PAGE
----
Who are they?
Persons going abroad for commercial and business reasons. •
Individuals who have usually been sent by their employers to work and live temporarily in other countries. •
People including all occupational levels from factory and domestic staff to highly skilled technicians, professionals and managers.
Cultural distance, work performance and adaptation of business people The adjustment and coping difficulties of sojourners increase with the distance between their culture of origin and that of the host society The Key underlying practical problem is that human resource management and business practices do not easily migrate across cultural boundaries. What succeeds in New York may not work in Sidney and will probably fail in Beijing or Tokyo.
But some management practices, such as flexible working hours, have been easier to transfer than others items. Some has to be modified, such as quality circles and teamwork. And some, like morning ceremonies that are a feature of many Japanese companies, have to be resisted to transfer.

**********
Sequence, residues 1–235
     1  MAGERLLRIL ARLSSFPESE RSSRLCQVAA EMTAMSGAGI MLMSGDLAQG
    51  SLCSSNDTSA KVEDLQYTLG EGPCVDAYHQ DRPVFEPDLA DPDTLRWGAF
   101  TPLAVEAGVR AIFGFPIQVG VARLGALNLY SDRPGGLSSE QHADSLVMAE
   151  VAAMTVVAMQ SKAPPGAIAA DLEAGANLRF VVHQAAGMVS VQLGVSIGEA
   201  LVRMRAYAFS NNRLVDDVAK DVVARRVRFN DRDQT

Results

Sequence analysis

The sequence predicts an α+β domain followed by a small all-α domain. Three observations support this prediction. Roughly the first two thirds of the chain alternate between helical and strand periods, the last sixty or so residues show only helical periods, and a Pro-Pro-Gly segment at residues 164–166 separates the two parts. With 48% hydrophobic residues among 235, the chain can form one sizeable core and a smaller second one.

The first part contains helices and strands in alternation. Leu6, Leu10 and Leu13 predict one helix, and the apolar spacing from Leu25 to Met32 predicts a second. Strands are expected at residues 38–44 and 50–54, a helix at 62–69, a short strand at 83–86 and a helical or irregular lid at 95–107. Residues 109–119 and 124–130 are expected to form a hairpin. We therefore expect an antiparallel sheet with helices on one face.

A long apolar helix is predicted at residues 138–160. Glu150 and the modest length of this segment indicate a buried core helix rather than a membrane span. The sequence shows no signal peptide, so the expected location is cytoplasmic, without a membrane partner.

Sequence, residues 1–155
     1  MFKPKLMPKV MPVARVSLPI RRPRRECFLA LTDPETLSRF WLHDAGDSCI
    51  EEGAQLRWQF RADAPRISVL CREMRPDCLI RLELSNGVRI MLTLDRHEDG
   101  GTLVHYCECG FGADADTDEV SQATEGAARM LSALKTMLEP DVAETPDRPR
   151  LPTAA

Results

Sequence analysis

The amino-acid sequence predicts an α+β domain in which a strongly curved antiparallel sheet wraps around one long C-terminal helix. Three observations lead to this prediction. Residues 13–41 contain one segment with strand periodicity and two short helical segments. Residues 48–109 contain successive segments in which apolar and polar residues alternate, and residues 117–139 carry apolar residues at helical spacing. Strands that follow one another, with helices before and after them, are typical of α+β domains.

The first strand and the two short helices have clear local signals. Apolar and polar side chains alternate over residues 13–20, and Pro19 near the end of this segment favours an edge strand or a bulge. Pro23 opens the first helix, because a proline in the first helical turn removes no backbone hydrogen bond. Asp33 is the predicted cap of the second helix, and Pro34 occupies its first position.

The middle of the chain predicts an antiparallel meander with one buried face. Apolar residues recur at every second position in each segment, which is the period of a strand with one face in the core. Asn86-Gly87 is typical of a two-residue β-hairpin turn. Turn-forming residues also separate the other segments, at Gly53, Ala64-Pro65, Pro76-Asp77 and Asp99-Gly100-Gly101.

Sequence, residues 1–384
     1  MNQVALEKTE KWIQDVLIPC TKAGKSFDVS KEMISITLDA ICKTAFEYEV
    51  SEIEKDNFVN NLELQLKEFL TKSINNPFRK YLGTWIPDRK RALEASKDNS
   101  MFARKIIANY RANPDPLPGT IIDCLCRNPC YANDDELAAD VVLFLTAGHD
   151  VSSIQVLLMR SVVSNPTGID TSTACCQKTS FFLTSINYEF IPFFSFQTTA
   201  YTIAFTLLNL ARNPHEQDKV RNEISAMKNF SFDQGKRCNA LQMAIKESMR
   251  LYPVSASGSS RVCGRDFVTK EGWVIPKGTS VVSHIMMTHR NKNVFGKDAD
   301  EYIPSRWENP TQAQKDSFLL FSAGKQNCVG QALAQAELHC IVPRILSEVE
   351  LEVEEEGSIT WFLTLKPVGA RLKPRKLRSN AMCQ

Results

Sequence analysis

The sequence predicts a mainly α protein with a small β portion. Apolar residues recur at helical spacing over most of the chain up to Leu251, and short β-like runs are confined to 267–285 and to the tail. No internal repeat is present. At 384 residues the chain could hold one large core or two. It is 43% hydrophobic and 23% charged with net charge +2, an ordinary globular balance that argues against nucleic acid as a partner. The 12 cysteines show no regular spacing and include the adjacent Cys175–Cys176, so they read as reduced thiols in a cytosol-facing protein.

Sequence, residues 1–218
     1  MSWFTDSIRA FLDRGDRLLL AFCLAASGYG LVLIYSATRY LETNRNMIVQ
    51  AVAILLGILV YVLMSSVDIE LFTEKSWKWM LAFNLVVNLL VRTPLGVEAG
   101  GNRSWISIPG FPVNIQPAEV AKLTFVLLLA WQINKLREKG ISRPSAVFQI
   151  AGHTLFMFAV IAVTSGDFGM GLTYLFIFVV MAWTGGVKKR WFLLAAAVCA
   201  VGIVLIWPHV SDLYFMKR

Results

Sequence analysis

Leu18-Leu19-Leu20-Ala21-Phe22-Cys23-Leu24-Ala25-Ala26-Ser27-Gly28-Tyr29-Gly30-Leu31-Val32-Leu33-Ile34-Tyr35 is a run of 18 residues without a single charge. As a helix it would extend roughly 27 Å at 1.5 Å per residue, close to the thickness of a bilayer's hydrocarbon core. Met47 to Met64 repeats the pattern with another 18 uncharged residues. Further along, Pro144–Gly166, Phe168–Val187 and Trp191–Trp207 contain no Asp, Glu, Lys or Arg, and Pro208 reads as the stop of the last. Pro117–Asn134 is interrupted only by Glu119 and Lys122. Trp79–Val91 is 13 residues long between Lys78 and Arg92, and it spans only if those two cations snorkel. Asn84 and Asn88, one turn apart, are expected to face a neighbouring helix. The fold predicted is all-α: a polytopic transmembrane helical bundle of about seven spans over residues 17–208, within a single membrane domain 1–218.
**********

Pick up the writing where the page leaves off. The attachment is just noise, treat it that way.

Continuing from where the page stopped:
Research has shown that the greater the cultural mixture of a work group, defined as the greater the relative cultural distance among group members, the greater the likelihood that this will have adverse consequences on group performance. Such groups will be more difficult to manage. Work group mixture, however, does have some advantages. In particular, heterogeneous groups tend to be more creative, largely because they bring a variety of perspectives to the task in hand. But research has also shown that cultural diversity may lead to lower levels of interpersonal harmony, more stress and greater turnover. If companies can learn how to manage such variety, they would gain a competitive advantage by being able to harness the positive aspects of heterogeneity.
It is believed that if workers are given greater freedom to make decisions affecting the way in which they do their jobs, this will...
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